Edwards, D. L.; Zwiener, J. M.; Wertz, G. E.; Vaughn, Jason A.; Kamenetzky, Rachel R.; Finckenor, M. M.; Meshishnek, M. J.

1998-01-01

159

Radiation Induced Degradation of White Thermal Control Paint  

NASA Technical Reports Server (NTRS)

This paper details a comparison analysis of the zinc-oxide pigmented white thermal control paints Z-93 and Z-93P. Both paints were simultaneously exposed to combined space environmental effects and analyzed using an in-vacuo reflectance technique. The dose applied to the paints was approximately equivalent to 5 yr in a geosynchronous orbit. This comparison analysis showed that Z-93P is an acceptable substitute for Z-93. Irradiated samples of Z-93 and Z-93P were subjected to additional exposures of ultraviolet (UV) radiation and analyzed using the in-vacuo reflectance technique to investigate UV activated reflectance recovery. Both samples showed minimal UV activated reflectance recovery after an additional 190 equivalent Sun hour (ESH) exposure. Reflectance response utilizing nitrogen as a repressurizing gas instead of air was also investigated. This investigation found the rates of reflectance recovery when repressurized with nitrogen are slower than when repressurized with air.

Edwards, D. L.; Zwiener, J. M.; Wertz, G. E.; Vaughn, Jason A.; Kamenetzky, Rachel R.; Finckenor, M. M.; Meshishnek, M. J.

1999-01-01

160

Controlled degradation of hydrogels using multi-functional cross-linking molecules.  

PubMed

Hydrogels, chemically cross-linked or physically entangled, have found a number of applications as novel delivery vehicles of drugs and cells. However, the narrow ranges of degradation rates and mechanical strength currently available from many hydrogels limits their applications. We have hypothesized that utilization of multi-functional cross-linking molecules to form hydrogels could provide a wider range and tighter control over the degradation rates and mechanical stiffness of gels than bi-functional cross-linking molecules. To address the possibility, we isolated alpha-L-guluronate residues of sodium alginate, and oxidized them to prepare poly(aldehyde guluronate) (PAG). Hydrogels were formed with either poly(acrylamide-co-hydrazide) (PAH) as a multi-functional cross-linking molecule or adipic acid dihydrazide (AAD) as a bi-functional cross-linking molecule. The initial properties and degradation behavior of both PAG gel types were monitored. PAG/PAH hydrogels showed higher mechanical stiffness before degradation and degraded more slowly than PAG/AAD gels, at the same concentration of cross-linking functional groups. The enhanced mechanical stiffness and prolonged degradation behavior could be attributed to the multiple attachment points of PAH in the gel at the same concentration of functional groups. This approach to regulating gel properties with multifunctional cross-linking molecules could be broadly used in hydrogels. PMID:14751730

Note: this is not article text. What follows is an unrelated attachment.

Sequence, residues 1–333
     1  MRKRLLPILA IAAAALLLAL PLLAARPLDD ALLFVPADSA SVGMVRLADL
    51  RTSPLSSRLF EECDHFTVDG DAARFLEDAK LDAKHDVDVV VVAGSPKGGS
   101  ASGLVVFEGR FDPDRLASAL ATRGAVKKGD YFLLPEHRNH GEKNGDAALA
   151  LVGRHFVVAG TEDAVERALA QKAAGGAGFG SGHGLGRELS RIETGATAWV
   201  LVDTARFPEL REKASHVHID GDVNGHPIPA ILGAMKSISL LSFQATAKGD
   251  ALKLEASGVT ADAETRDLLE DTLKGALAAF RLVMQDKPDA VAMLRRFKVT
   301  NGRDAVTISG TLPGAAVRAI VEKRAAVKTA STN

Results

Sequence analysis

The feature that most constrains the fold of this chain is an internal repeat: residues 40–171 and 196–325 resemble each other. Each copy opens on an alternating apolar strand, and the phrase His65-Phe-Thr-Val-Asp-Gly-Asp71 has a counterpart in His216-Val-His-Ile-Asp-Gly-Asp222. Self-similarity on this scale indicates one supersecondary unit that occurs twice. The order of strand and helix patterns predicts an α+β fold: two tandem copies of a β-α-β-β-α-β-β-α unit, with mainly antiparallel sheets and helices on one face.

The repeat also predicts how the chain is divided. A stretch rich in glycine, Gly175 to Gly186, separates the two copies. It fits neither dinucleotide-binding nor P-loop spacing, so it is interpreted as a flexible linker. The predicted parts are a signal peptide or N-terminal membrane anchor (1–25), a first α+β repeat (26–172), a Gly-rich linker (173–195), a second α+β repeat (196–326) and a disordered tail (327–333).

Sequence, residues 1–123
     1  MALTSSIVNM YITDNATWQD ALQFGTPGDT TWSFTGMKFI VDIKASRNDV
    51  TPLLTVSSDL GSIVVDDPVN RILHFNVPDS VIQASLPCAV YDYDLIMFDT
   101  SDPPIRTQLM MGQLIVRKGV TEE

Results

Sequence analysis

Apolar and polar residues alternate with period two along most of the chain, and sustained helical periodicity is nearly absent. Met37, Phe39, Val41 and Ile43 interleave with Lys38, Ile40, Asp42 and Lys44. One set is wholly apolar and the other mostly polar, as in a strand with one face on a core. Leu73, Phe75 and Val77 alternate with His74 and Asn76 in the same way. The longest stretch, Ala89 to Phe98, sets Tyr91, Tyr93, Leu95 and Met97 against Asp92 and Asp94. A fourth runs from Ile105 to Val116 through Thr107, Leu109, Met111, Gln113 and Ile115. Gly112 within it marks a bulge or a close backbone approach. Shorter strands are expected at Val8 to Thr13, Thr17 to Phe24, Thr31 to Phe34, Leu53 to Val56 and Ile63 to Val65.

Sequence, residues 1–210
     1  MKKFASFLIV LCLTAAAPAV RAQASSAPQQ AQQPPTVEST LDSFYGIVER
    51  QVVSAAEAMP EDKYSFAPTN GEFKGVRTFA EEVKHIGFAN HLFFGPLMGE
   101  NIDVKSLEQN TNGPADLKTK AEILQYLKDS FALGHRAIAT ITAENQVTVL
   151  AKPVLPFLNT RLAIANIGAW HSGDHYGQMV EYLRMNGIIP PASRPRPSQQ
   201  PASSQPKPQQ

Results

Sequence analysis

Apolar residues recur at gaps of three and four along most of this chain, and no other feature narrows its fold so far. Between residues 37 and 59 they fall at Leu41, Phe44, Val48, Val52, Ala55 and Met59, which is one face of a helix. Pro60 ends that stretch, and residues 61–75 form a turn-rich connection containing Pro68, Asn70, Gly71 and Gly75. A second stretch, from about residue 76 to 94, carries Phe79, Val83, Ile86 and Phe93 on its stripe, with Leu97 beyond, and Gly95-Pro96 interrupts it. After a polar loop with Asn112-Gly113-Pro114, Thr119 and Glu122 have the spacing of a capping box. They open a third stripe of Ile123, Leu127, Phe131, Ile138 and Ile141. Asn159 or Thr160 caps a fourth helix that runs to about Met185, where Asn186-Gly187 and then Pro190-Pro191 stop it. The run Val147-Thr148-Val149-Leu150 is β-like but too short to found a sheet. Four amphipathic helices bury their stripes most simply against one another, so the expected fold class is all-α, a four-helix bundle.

Lee, Kuen Yong; Bouhadir, Kamal H; Mooney, David J

2004-06-01

161

PAH degradation and redox control in an electrode enhanced sediment cap  

PubMed Central